A game of mutually assured destruction
The Kevin question is again consuming Labor. Will he or won’t he make a move to be prime minister again? Some MPs are convinced Kevin Rudd is the saviour to rescue the Government from annihilation in the September 14 election.
Others are just as certain he is a troublemaker and his regular public appearances steal the spotlight from the positive policies Julia Gillard is trying to sell.
Rudd repeatedly says he will not challenge the PM. And he says Gillard will lead Labor to the next election.
But just as the public doesn’t believe promises made by politicians, many MPs don’t believe Rudd has abandoned his desire to get his old job back.
A ginger group of MPs think he can become leader without breaking his promise in a two-step process. The first relies on opinion polls continuing to show Labor can’t win under Gillard and they hope MPs fearing defeat will decide Rudd is worth a punt.
Step two requires one or more of Gillard’s strongest supporters to switch camps. Some believe Rudd would only have “cover” if prominent Gillard backers sought to draft him.
Liberals have been stirring the pot, with deputy leader Julie Bishop this week predicting a challenge in March, and yesterday during question time Bishop and Victorian MP Kelly O’Dwyer gave Rudd chocolate roses for Valentine’s Day.
Of course, Rudd would have to be prepared to take on the leadership. Some believe the greatest twist in this saga might be that he would say no. “Why would he want to take the fall for an election we can’t win and rescue her (Gillard) from the blame?” says one MP.
But another says Rudd has an ego the size of Queensland, would be confident in his ability and would feel it was his duty to try to stop Tony Abbott becoming PM.
There is angst among Rudd backers about what to do next. Some want him to go quiet. There is a fine line between keeping a high profile and annoying the caucus members whose votes he needs.
This week Rudd urged police to step up investigation into video footage leaked a year ago of him swearing and losing his temper when he was PM.
And he directly blamed Wayne Swan and Gillard for the controversial mining tax not collecting “any real revenue of significance” - a comment some of his closest supporters said was “unhelpful” in the bigger quest as it was seen as firing shots.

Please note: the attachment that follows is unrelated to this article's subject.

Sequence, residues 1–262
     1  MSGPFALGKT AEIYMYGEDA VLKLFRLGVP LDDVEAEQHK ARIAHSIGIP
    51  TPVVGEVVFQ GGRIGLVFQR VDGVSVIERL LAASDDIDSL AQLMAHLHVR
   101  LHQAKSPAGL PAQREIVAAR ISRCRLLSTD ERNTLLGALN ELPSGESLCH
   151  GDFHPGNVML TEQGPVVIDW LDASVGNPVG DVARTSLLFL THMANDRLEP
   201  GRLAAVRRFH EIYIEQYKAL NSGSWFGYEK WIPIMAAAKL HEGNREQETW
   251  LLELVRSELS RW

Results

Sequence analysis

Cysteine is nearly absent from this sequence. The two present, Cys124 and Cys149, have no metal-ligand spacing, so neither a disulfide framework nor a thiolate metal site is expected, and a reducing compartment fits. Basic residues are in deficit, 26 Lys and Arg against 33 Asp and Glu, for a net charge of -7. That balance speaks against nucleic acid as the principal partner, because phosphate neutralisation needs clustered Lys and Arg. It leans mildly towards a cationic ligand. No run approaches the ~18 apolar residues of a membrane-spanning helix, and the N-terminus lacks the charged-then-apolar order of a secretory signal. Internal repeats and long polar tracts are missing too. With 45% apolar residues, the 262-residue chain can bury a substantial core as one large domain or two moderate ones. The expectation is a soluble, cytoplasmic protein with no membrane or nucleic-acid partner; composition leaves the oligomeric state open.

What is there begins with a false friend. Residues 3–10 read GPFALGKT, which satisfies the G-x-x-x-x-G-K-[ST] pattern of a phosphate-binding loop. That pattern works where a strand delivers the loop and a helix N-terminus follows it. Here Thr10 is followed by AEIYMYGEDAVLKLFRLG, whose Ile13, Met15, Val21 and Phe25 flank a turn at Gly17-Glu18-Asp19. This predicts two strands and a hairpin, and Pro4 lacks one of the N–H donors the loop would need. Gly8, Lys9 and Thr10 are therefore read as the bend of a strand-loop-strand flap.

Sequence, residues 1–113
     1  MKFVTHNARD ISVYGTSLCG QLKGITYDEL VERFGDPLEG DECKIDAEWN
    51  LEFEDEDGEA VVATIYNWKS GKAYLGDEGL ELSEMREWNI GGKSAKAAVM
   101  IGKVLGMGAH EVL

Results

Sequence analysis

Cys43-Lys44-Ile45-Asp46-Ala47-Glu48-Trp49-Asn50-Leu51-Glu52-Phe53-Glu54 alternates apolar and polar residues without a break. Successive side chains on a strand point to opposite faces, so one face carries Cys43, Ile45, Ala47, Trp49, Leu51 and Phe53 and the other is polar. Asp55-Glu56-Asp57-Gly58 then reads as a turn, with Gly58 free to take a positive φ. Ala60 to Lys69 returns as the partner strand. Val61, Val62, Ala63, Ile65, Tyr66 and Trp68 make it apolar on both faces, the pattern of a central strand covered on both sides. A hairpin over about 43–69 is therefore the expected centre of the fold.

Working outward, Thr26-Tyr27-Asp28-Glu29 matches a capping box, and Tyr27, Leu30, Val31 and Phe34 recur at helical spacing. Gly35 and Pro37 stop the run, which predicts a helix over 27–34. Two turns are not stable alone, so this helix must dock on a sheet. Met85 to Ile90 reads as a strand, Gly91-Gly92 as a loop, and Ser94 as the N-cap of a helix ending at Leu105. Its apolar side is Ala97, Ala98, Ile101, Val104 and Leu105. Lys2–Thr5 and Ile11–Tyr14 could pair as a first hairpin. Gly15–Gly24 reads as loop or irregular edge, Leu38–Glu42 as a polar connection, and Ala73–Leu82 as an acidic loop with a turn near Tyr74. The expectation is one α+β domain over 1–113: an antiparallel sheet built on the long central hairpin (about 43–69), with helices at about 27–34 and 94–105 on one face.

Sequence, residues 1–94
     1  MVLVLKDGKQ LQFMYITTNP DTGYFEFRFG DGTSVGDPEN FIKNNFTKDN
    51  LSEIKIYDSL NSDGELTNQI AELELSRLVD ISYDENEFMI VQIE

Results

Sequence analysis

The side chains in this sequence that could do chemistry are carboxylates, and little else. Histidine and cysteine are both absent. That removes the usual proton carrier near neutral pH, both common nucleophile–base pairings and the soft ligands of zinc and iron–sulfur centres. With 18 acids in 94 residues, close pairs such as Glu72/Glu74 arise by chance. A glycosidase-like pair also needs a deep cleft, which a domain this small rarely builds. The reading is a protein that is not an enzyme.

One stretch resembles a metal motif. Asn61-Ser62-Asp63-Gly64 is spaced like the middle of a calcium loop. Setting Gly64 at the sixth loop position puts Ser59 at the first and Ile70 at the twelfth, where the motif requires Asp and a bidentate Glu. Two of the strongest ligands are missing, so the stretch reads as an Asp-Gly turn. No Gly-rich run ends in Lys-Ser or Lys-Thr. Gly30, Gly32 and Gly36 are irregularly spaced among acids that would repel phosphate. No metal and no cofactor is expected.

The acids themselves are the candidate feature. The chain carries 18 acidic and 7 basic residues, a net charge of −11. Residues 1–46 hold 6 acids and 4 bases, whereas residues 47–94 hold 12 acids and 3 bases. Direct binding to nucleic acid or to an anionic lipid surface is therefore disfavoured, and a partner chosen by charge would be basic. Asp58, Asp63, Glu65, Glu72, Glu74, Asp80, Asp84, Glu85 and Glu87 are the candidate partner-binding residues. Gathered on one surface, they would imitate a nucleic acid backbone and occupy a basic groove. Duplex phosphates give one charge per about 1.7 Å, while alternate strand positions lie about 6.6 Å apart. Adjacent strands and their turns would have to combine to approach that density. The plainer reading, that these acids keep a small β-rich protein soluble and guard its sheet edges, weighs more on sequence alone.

Gillard supporters say this is evidence Rudd is up to something. They say he has undermined this week’s strategy to highlight industrial relations policy to have “modern workplaces for modern families”, with promises to give working women the ability to request greater flexibility, protection for work rosters and a pledge to make it cheaper and faster to tackle bullying.
Gillard’s backers are confident the PM retains majority support and say Labor would be subject to ridicule if it switched leaders again.
Rudd’s supporters admit he doesn’t have the numbers at the moment to win a ballot and want to avoid a repeat of last year where the Gillard camp spooked Rudd into making his move too early and he was thrashed 71-31.
They insist there is no number counting going on but say caucus members are deeply pessimistic and are shaking their heads in bewilderment about some of Gillard’s decisions.
Interestingly, there is frustration among Gillard supporters about the performance of the Treasurer. The recent Newspoll showing voters judged the Coalition better to handle the economy by a massive 50 to 28 per cent was a real blow.
“We’ve got low unemployment compared to the rest of the world, contained inflation and interest rates far lower than when John Howard was in office, but Swanny just can’t sell the economic message,” says a senior figure.
Instead, Labor made the test of its economic credibility the failed bid to return the Budget to surplus and the mining tax shambles.
Yesterday, Swan had a shocker. He was forced to issue a statement saying he had no plans to increase income tax after he clumsily left the door open in a radio interview, and in Question Time he wrongly said the national jobless rate was 5.1 per cent when it is 5.4.
Swan and Gillard joined forces to topple Rudd in June 2010 and the Treasurer is Gillard’s strongest supporter and protector. They rise and fall together.
If Rudd were to return to power, Chris Bowen or Greg Combet would be favourites to take Treasury. Some reckon Rudd would ask Bill Shorten as a peace offering to the Gillard camp and the unions.
Shorten remains solidly behind Gillard but is being closely watched by both sides. He played a key role in the removal of Rudd and is vital for her survival.
“He can’t knife two leaders and he knows it,” says one Gillard supporter, who argues that Shorten would destroy his own leadership ambitions if he moved against her.
Gillard’s loyalists warn if Rudd looks like he is going to make a move, they will launch a blitz bigger than that of last February, when Swan and other senior ministers accused him of sabotage and not having Labor values.
One loyalist said: “She won’t walk. He can’t beat her. But if this continues, we’re all going to lose.”
Gillard’s defenders say there would be a backlash from women if the first female PM was knifed by a man - despite the fact that’s how she came to power.
“She would go from culprit to victim. We’d lose any advantage on the gender vote if she is knifed.”
There is no bigger prize in politics. Gillard’s camp is making it clear it is ready for a fight. Team Rudd says only he can save Labor but time is running out.
Some Labor MPs believe a showdown is inevitable - but if it gets too messy the only winner will be Tony Abbott.
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